Oshawa’s waterfront has been a heated topic recently, with the placement of an ethanol refinery of particular issue to the city’s residents. It is of some well-timed coincidence that this exhibition looks at the issue of ethanol production. It is, of course, no coincidence at all: corporate intervention in nature is a global issue, internationally, as much as it is in our own backyard.
It isn’t only ethanol that is addressed here, as Prince Edward Island-based artist Gerard Beaulieu has set his sights on technological interventions that the industrial farming system has created. Raw & Cooked looks at the reconfiguration of nature, one that creates super-species, results in low (financial) cost, high-return products, and feeds a growing demand for more-for-less.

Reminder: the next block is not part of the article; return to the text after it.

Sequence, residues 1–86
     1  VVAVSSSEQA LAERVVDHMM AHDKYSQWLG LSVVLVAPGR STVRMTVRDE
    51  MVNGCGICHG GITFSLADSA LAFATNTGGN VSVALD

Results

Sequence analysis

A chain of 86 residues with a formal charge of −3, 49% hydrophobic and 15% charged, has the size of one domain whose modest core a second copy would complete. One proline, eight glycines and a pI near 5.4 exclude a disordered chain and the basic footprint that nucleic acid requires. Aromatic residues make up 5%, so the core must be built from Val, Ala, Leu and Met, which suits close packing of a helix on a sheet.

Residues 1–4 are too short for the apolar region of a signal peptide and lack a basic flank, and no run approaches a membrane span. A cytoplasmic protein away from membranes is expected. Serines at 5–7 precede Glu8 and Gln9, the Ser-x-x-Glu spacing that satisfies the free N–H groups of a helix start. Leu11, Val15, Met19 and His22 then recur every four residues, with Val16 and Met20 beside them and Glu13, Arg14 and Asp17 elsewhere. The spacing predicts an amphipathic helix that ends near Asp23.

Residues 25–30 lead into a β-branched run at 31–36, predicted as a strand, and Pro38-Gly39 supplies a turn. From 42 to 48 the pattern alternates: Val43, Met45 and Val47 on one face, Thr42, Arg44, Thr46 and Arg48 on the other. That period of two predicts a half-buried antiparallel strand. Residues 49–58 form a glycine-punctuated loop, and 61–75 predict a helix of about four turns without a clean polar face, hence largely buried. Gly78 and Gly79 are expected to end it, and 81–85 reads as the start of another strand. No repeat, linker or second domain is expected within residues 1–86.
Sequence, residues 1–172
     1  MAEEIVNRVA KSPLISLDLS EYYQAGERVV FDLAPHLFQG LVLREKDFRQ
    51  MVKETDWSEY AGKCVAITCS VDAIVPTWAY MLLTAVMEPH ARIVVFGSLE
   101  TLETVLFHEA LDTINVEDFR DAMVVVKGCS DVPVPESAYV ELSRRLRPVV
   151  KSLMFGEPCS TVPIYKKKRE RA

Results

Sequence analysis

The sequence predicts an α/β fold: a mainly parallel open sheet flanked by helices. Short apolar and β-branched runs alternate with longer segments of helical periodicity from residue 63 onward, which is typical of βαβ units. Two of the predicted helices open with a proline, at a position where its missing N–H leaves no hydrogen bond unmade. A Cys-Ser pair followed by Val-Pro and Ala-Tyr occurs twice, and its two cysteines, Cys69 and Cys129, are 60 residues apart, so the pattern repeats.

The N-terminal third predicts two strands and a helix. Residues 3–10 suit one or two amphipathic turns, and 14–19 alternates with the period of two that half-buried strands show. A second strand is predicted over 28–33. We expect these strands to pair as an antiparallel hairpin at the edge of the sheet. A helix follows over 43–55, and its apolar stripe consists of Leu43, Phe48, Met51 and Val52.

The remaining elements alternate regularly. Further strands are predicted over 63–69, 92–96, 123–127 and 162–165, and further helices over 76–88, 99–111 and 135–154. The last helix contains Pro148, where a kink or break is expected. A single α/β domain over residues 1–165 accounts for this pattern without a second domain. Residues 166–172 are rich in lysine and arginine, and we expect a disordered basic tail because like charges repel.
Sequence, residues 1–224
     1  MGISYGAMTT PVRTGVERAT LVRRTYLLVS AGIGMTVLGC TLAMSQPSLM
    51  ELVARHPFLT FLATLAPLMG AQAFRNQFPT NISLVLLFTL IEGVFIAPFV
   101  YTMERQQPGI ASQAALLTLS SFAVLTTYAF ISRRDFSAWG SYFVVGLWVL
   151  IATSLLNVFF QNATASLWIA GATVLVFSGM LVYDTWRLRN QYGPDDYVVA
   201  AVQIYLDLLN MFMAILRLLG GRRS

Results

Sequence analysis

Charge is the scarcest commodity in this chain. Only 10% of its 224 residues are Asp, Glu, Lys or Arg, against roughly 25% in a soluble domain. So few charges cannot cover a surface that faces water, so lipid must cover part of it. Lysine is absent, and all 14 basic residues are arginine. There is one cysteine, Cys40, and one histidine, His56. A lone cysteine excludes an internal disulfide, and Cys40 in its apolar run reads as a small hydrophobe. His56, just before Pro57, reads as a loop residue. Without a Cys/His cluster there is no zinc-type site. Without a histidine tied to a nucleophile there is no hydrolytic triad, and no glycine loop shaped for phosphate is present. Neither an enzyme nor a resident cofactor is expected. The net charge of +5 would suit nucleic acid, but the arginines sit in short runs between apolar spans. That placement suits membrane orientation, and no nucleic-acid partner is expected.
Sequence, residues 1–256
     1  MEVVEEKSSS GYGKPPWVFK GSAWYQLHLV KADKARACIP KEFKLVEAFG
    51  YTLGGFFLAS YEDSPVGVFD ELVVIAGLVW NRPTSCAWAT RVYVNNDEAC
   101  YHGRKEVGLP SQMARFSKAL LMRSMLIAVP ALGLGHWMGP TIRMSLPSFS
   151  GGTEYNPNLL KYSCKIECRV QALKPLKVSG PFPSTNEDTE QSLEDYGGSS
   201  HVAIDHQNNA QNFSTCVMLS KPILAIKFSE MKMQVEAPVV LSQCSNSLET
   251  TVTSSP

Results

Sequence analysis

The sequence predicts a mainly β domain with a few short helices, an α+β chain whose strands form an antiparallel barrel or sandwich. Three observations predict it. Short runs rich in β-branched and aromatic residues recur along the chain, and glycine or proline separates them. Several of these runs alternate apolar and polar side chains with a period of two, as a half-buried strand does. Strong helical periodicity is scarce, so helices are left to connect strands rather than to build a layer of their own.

In one work, we encounter a field of corn not edible, but instead set for ethanol production. In another we experience a five foot tall rooster, which presents an aesthetic warning about genetic modification. In Drift, we’re forced to see, and process, the debris floating in our oceans (sometimes landing on our shores), through an installation of seventy-two jelly fish.
The work of Gerald Beaulieu is enmeshed in a belief that art should engage the world head-on, making a meaningful contribution for debate. In this exhibition, each work references real ecological issues; the “raw”, or sustainable, natural ecosystem, and the “cooked”, a world transformed to a machine that serves a purely corporate agenda.